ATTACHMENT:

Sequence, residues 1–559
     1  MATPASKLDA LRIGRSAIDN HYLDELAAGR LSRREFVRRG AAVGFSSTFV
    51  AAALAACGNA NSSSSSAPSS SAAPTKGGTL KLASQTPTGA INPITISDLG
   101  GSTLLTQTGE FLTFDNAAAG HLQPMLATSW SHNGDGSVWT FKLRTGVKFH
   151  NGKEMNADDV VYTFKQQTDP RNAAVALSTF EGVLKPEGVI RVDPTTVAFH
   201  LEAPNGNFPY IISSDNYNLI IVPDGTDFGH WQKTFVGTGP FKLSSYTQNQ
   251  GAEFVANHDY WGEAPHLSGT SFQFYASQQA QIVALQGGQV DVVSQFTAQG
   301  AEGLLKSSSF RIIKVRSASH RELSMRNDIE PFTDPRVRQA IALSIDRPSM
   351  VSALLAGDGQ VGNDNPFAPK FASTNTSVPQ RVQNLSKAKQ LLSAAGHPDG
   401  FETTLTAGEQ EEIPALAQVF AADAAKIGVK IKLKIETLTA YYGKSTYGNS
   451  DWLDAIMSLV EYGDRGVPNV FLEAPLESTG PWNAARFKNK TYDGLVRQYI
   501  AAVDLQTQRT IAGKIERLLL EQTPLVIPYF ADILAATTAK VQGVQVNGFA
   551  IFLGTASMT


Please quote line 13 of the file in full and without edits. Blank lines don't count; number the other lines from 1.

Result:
   551  IFLGTASMT